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2 Tutorials that teach Oligopoly
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Author: Sophia Tutorial

Identify key characteristics of an oligopoly.

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what's covered
This tutorial will identify oligopoly as one of the market structures studied in economics, focusing on its definition and main characteristics.

Our discussion breaks down as follows:

  1. The Behavior of Firms
  2. Oligopoly
  3. Characteristics of Oligopoly
    1. Few Firms
    2. Barriers to Entry
    3. Output and Pricing
    4. Collusion
  4. Prisoner's Dilemma
  5. Prisoner's Dilemma in Oligopolies
  6. Cartels

1. The Behavior of Firms

Beginning with some basics, businesses or firms demand the factors of production, known as inputs, and supply goods and services, or outputs.

The field of economics studies this behavior of firms and, given that not all firms are created equal, how it varies depending on certain characteristics:

  • Their size
  • Their product
  • How many competitors they face
  • How easy or difficult it was to get into the business

2. Oligopoly

Let's look at where oligopoly falls on the spectrum of competition.

As you can see, oligopoly is closer on the spectrum to monopoly, where one firm dominates the market, selling a one-of-a-kind product, than to perfect competition, where there are many firms selling a homogeneous or identical product.


Oligopoly is defined as an industry market structure characterized by a few firms selling similar products.

term to know
An industry market structure characterized by a few firms selling similar products

3. Characteristics of Oligopoly

Let's explore the different characteristics of an oligopoly.

3a. Few Firms

An oligopoly does not involve just one firm, but there are fewer than in monopolistic and perfect competition.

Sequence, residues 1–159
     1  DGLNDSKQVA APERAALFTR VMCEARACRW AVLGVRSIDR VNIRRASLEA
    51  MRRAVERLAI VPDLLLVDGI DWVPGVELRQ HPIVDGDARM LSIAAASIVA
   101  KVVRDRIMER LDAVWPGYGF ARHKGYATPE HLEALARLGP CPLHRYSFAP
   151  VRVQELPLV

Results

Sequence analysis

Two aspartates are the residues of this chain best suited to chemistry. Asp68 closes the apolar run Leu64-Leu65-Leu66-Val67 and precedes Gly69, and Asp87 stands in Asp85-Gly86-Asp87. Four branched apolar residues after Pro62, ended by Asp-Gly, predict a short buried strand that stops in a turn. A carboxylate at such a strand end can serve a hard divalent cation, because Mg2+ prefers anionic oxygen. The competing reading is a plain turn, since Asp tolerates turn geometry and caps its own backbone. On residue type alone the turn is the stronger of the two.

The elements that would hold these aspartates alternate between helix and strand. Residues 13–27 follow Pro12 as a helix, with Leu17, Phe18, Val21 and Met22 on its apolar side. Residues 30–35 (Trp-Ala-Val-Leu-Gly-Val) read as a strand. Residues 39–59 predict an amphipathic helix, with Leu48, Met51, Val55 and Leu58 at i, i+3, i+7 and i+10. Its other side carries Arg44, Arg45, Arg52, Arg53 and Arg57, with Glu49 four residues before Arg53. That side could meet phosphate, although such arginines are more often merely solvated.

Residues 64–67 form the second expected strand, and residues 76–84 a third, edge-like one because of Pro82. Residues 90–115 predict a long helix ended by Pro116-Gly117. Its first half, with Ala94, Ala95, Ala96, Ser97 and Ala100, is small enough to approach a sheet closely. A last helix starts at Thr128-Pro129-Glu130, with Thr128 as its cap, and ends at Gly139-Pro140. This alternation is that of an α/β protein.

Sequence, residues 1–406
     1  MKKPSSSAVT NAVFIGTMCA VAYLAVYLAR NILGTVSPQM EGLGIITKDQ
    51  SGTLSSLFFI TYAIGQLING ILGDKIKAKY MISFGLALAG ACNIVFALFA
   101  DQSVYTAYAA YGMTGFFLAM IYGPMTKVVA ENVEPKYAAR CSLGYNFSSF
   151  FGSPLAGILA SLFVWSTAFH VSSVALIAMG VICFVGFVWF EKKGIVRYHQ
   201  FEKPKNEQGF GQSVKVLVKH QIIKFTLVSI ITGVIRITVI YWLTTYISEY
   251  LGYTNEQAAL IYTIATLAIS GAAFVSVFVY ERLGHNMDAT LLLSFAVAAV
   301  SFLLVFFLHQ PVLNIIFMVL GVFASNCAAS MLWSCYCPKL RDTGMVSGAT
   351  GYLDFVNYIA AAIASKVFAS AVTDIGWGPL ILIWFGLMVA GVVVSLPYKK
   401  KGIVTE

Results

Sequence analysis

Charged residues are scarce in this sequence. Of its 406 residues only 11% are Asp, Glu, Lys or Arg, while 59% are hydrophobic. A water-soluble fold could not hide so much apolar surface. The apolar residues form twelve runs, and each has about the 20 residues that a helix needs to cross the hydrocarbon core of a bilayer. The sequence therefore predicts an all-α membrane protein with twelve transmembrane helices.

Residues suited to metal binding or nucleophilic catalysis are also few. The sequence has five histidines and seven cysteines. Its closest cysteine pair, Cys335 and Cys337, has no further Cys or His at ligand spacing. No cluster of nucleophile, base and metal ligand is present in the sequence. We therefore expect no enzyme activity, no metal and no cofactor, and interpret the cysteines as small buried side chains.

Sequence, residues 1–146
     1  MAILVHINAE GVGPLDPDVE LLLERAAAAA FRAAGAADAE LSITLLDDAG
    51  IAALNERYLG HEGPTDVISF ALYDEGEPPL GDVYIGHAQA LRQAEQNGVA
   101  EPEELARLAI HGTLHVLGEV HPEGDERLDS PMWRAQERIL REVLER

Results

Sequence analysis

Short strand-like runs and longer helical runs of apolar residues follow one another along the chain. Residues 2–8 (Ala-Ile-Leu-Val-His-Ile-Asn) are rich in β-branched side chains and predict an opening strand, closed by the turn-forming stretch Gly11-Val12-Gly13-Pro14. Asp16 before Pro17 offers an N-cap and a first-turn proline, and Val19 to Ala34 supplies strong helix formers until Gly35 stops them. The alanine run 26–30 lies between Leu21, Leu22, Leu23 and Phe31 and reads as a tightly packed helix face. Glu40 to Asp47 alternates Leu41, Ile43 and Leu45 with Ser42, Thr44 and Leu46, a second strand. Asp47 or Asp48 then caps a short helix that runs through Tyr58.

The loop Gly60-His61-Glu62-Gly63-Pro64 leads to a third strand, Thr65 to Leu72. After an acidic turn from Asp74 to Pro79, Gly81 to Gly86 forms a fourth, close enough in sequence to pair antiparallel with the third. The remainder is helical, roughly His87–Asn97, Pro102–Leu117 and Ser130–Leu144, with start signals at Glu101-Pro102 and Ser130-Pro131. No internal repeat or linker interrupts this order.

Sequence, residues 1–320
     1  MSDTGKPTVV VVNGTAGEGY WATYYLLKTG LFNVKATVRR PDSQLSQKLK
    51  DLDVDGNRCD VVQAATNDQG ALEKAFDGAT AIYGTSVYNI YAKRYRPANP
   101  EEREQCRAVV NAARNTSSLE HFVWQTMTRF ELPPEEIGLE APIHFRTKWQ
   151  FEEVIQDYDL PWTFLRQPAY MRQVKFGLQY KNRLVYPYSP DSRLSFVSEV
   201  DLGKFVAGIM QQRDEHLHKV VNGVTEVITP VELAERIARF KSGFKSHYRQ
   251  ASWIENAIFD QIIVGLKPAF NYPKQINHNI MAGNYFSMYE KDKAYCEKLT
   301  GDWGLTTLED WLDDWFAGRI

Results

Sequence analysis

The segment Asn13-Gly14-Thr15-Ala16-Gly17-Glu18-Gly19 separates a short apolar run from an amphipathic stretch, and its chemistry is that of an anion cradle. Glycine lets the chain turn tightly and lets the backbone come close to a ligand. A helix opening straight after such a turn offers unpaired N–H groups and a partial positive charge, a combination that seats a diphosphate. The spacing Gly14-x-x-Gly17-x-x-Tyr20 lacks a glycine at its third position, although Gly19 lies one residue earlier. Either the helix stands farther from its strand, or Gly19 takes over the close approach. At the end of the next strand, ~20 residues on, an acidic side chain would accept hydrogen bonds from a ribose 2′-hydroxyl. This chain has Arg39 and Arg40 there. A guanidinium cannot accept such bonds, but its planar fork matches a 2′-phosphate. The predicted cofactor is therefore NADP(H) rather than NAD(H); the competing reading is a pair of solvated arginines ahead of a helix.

So, why don't more firms enter as in monopolistic competition?

Well, in monopolistic competition and perfect competition, if the industry is doing well, there are low barriers to entry so almost anyone can get into the business and start producing.

In oligopoly, there are going to be barriers to entry, which we will cover next.

3b. Barriers to Entry

So, significant barriers to entry are one of the characteristics of this market structure, such as:

  • Exclusive access to resources
  • Patents


For example, there are not many major pharmaceutical companies in the U.S., because of these barriers to entry.
  • High start-up costs which encourage large-scale production; it will encourage a few large firms to develop because they can spread out those initial upfront costs.


Examples of industries with high start-up costs are cell phone network providers or cable/digital television providers in a certain area. Because of the expense required to get into those industries and set up a network, it is difficult for anyone else to enter to compete with them.

3c. Output and Pricing

Like all firms, oligopolies set output and price where they maximize profit.

They tend to produce more than monopolies but less than more competitive market structures like perfect competition or monopolistic competition.

Prices are lower than in a monopolies because they do face some competition, but higher than in more competitive market industries.

think about it
Have you ever felt like you were getting ripped off by a certain company, and that there should be more competition to impact pricing? Even if there are a few companies, if they are all charging similar prices, you may feel that you simply can't seem to get a deal. Generally, this occurs in this market structure--oligopolies.

3d. Collusion

This notion of similar prices goes along with the idea of collusion, which is an attempt by firms to agree on prices and the number of units produced.

In oligopolies, this becomes possible because of the small number of firms.

Now, in monopolistic or perfect competition, it is not possible because there are simply too many firms involved and they could never all sit down and agree on anything.

If they could, though, wouldn't that be in their best interests to do so? It would allow them to act as one company and earn monopoly profits.

term to know
An attempt by firms to agree on prices and the number of units produced

4. Prisoner's Dilemma

Thankfully for consumers, this collusion does not always work out.

This is due to a phenomenon we call the Prisoner's Dilemma, which is a model used to illustrate why collusion breaks down.